Comparative sizes of a swan's egg, turkey's egg, duck's egg, plover's egg

Food writing has evolved considerably since I started as a blogger fourteen years ago, as has my prose mercifully. Alongside my cookbooks and food columns, I have had a successful career in the communications industry. As an “ethnic” food writer who focuses on Indian cookery and putting spice cupboards to better use, running these courses is an incredible opportunity for me to address unconscious bias and cultural appropriation in a public forum with a responsible and engaged audience. I bring a unique perspective to these courses, rooting them in the here and now.

We have less time than ever. How we access information has been transformed by digital and social media. No longer is it acceptable to live in a vacuum of social awareness. The first course starts with this – the context within which food writing functions today. We then explore sound principles of writing and move on to food writing tips that make sure no reader is left with an unintended sour taste in their mouth.

Illustration of various cheeses

If it all sounds a bit earnest, I can assure you it is far from. In between the tips, we found plenty of time to chat about what inspires and moves us, share practical tips of our own and wax lyrical about cookbooks, food scientists, food memoirs and restaurant critics we love and hate. I roped in a small handful of my talented and well-established food writers to offer their own nuggets of advice, which ranged from the practical (stop procrastinating and just get writing) to the essential (please hold on to your sense of humour).

The practical part of the session gives us a chance to whip what we’ve learnt into action. I would tell you more, but I might give the finale away for the next course on 3 December.

In a sign of the times, it feels apt to deliver these courses online. After all, technology has allowed us to think beyond the realms of possibility. Who knew we would be cooking, eating and drinking wine with friends on video calls? If the feedback so far is anything to go by, it gives attendees more than a taste of how to be a better food writer.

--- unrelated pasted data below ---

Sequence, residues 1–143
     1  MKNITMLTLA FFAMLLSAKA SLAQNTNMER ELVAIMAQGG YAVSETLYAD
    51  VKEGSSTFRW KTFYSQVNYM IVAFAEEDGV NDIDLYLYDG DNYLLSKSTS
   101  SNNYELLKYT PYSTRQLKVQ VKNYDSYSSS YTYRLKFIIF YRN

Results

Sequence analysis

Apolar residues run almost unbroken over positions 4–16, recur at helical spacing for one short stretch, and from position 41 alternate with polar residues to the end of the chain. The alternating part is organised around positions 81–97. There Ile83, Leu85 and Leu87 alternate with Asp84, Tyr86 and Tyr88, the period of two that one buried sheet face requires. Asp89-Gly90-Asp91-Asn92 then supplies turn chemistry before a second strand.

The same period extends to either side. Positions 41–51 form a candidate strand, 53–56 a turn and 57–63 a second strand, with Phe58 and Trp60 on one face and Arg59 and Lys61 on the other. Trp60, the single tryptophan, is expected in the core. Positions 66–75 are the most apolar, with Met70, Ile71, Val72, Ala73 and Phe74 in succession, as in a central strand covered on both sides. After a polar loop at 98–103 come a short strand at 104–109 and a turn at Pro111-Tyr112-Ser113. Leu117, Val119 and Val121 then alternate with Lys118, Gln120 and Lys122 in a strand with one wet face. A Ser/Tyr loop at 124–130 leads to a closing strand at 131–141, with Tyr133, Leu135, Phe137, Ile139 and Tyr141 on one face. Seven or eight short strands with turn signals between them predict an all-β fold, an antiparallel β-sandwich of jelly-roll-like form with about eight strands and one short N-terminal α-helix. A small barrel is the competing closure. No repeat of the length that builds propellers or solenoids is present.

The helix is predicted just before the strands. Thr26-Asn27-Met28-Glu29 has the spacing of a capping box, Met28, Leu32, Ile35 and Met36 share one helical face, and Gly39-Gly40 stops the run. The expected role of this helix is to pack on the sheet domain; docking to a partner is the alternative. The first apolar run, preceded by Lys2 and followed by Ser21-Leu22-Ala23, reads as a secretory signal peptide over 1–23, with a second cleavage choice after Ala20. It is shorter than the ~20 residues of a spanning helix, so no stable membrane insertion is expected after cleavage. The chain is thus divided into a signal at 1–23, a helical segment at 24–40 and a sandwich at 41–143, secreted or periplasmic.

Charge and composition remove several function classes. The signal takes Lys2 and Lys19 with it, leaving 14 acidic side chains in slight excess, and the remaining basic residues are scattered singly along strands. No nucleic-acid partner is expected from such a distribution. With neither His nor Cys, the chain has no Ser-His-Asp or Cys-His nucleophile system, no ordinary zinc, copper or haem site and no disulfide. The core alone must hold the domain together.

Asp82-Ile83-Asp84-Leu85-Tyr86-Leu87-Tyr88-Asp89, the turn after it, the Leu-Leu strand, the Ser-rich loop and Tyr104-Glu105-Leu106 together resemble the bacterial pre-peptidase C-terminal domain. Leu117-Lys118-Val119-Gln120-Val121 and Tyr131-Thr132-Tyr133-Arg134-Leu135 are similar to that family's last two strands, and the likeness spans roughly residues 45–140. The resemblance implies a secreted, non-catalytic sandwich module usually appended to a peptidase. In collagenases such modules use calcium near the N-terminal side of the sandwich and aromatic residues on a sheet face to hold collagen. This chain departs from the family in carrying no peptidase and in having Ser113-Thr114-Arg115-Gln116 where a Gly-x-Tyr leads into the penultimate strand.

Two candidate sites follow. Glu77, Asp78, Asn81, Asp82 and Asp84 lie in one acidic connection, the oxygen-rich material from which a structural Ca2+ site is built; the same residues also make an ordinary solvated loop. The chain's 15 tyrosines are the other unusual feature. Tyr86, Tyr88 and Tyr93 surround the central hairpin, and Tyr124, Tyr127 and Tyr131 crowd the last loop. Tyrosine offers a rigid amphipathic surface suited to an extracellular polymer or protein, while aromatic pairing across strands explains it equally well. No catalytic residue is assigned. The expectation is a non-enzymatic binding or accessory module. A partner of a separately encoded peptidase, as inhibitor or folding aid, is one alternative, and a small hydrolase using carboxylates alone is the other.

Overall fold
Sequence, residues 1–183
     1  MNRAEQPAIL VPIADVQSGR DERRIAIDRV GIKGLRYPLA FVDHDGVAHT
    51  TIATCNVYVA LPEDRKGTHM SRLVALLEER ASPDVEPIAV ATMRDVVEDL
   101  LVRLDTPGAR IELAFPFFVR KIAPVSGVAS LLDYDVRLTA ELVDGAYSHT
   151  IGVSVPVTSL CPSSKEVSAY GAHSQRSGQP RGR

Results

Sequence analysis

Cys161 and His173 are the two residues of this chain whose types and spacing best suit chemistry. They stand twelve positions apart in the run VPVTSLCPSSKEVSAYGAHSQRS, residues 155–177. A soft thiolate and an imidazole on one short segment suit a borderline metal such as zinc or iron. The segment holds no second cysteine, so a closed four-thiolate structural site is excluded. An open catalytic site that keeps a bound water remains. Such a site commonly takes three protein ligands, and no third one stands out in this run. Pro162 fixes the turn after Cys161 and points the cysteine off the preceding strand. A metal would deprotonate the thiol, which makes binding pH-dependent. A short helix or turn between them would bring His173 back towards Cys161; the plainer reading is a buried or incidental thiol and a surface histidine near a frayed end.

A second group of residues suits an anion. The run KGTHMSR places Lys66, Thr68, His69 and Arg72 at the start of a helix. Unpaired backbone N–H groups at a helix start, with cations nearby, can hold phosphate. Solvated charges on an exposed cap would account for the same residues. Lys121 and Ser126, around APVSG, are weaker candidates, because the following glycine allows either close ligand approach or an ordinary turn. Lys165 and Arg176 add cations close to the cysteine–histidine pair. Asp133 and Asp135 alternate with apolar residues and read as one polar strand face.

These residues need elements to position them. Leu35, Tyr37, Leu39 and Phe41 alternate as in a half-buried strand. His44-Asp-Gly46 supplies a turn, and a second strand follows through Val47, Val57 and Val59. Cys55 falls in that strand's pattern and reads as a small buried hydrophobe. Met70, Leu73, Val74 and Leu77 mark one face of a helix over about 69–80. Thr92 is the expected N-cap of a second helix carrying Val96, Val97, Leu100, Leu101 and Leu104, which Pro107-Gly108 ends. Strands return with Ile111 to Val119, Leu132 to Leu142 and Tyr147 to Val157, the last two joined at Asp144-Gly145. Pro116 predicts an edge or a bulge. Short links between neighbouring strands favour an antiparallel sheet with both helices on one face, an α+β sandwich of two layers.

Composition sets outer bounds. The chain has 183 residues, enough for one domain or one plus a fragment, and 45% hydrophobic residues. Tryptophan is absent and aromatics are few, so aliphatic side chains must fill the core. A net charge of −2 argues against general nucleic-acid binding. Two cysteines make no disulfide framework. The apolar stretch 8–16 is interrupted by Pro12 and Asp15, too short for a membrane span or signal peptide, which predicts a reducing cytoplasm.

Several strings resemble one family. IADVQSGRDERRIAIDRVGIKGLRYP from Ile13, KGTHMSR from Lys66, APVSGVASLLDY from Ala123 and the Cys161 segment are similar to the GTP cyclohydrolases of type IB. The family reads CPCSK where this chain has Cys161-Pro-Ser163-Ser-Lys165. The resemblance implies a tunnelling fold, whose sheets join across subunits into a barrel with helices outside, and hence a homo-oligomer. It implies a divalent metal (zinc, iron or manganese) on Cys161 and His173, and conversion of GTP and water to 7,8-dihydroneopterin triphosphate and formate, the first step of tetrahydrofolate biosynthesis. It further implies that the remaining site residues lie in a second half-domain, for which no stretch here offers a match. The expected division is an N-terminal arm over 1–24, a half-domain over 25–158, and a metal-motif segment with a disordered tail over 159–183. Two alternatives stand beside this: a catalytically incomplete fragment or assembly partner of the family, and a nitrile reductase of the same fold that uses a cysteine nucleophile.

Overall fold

Cover of book by Mallika Basu called "Masala"

Mallika leads the Food Writing: The Basics course on 3 December. For more ways to feed your curious mind from whenever you are, stay up to date with our online courses programme.

05 November 2020

Digging up the secrets of Frances Hodgson Burnett

Secret Garden blog image 1
Frances Hodgson Burnett’s beloved family novel tells the story of an orphan girl sent to live in a mysterious house where she discovers something magical… The Secret Garden. Spanning over a century, we have a wealth of editions (including learning materials and ebook versions) of The Secret Garden in our collection, including the first edition published in 1911. Most recently, a new film adaptation of the children’s classic The Secret Garden, starring Julie Walters and Colin Firth, has just been released in the UK.

Frances Hodgson Burnett (1849-1924) was born in Manchester. After her father died when she was only four years old, her mother was left to run the family furniture store while raising five children. Manchester’s failing economy led the family to immigrate to Knoxville, USA in 1865 where Frances helped to support her family with income from the sale of her stories.

Secret Garden blog image 2

While she is best known for The Secret Garden, Hodgson Burnett also wrote for plays and novels for adults. Through archiving and digitising her work, we made an incredible discovery earlier this year. In the decade preceding her death, she wrote a series of semi-autobiographical articles for Good Housekeeping. One such article The Christmas in the Fog, published in 1915, was discovered tucked away in our archives.

The ghostly story recounts a foggy journey to New York and an encounter with a “shabby little boy”. You can read this fascinating story, along with other forgotten works by women writers in our new anthology Queens of the Abyss: Lost Stories from the Women of the Weird (available to order now).

Secret Garden image 3

Our ongoing digitisation work continues to unearth untold stories and helps us open up a world of inspiration and ideas for everyone. This Christmas you can help sow the seeds of future imaginations by adopting this or other classic books from our collection for just £40. Adopt The Secret Garden.